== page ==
This article proposes a rigorous mathematical approach, named a reliability-based capability approach (RCA), to quantify the societal impact of a hazard. The starting point of the RCA is a capability approach in which capabilities refer to the genuine opportunities open to individuals to achieve valuable doings and beings (such as being mobile and being sheltered) called functionings. Capabilities depend on what individuals have and what they can do with what they have. The article develops probabilistic predictive models that relate the value of each functioning to a set of easily predictable or measurable quantities (regressors) in the aftermath of a hazard. The predicted values of selected functionings for an individual collectively determine the impact of a hazard on his/her state of well-being. The proposed RCA integrates the predictive models of functionings into a system reliability problem to determine the probability that the state of well-being is acceptable, tolerable, or intolerable. Importance measures are defined to quantify the contribution of each functioning to the state of well-being. The information from the importance measures can inform decisions on optimal allocation of limited resources for risk mitigation and management.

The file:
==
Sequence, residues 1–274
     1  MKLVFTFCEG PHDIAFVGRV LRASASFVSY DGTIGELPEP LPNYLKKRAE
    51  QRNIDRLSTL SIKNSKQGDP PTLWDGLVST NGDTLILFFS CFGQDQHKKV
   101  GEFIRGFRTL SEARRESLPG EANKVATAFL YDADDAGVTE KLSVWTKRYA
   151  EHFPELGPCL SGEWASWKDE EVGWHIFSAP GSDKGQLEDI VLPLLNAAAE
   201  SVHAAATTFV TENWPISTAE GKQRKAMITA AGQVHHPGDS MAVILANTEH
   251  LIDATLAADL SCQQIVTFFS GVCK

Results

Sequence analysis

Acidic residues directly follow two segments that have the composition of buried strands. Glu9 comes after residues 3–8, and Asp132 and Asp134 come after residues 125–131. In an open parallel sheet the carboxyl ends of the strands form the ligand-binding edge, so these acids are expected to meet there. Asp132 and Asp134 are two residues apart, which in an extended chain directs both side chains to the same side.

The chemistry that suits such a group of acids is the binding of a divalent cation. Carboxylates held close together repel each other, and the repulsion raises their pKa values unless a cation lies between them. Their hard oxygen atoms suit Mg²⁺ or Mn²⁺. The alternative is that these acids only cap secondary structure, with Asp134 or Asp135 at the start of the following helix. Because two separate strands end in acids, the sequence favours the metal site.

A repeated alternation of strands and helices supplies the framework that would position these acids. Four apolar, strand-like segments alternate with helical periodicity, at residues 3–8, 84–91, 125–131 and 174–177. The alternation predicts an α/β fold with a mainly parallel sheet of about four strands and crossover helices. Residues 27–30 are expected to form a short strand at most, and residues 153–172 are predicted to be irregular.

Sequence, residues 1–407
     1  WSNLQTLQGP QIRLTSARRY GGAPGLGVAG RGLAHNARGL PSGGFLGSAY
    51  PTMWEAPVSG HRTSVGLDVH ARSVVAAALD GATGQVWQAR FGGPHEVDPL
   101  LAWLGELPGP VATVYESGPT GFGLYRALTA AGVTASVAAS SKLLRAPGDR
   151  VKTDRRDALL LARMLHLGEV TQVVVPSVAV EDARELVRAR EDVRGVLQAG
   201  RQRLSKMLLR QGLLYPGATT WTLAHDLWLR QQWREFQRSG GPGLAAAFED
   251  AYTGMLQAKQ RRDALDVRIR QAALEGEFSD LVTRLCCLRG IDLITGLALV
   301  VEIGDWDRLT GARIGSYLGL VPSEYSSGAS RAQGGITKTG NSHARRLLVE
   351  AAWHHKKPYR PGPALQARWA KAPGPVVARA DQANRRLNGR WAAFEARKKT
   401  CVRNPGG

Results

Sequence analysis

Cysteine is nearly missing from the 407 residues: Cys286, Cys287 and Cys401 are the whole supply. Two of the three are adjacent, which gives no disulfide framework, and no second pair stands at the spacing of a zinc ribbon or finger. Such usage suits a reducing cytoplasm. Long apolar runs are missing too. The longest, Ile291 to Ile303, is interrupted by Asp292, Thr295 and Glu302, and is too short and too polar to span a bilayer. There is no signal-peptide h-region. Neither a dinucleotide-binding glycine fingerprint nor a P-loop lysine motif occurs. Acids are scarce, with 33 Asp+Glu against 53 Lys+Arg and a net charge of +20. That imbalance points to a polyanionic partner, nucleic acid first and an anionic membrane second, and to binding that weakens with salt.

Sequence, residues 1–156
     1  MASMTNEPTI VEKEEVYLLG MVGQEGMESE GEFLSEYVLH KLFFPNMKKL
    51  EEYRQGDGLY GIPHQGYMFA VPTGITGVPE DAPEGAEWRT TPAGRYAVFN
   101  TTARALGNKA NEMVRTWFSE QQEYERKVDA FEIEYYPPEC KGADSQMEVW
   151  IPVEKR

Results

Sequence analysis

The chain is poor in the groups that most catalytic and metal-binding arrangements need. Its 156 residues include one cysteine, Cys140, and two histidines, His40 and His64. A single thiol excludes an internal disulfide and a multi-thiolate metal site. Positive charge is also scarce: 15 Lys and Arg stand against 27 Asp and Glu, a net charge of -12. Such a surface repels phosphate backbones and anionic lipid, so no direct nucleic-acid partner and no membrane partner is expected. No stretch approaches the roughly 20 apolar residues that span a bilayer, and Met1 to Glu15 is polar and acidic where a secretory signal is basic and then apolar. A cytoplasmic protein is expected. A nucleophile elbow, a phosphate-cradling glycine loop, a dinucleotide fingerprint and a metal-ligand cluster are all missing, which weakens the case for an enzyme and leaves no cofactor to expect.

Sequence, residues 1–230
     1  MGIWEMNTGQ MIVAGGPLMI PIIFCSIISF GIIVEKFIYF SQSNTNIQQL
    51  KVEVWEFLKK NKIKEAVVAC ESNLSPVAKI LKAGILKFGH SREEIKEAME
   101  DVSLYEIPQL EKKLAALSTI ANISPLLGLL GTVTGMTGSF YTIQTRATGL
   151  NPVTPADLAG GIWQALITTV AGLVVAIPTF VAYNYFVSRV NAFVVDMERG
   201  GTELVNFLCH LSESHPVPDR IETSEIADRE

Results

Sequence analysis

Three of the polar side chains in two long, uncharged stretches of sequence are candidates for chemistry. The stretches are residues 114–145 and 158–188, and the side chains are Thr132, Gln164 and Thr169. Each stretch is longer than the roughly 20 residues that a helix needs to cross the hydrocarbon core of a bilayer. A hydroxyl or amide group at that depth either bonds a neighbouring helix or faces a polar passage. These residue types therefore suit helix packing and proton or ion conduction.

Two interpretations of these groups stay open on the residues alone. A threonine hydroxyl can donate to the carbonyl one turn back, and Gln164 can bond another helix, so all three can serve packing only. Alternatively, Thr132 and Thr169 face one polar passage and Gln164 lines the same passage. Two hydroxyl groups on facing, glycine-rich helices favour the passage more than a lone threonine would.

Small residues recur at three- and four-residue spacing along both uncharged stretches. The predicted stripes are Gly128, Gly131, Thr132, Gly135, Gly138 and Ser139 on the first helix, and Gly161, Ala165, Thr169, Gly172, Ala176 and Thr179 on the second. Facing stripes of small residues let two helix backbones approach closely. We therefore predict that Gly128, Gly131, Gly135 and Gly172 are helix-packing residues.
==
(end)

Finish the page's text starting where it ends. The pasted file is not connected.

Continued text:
Failure of critical national infrastructures can result in major disruptions to society and the economy. Understanding the criticality of individual assets and the geographic areas in which they are located is essential for targeting investments to reduce risks and enhance system resilience. Within this study we provide new insights into the criticality of real-life critical infrastructure networks by integrating high-resolution data on infrastructure location, connectivity, interdependence, and usage. We propose a metric of infrastructure criticality in terms of the number of users who may be directly or indirectly disrupted by the failure of physically interdependent infrastructures. Kernel density estimation is used to integrate spatially discrete criticality values associated with individual infrastructure assets, producing a continuous surface from which statistically significant infrastructure criticality hotspots are identified. We develop a comprehensive and unique national-scale demonstration for England and Wales that utilizes previously unavailable data from the energy, transport, water, waste, and digital communications sectors. The testing of 200,000 failure scenarios identifies that hotspots are typically located around the periphery of urban areas where there are large facilities upon which many users depend or where several critical infrastructures are concentrated in one location.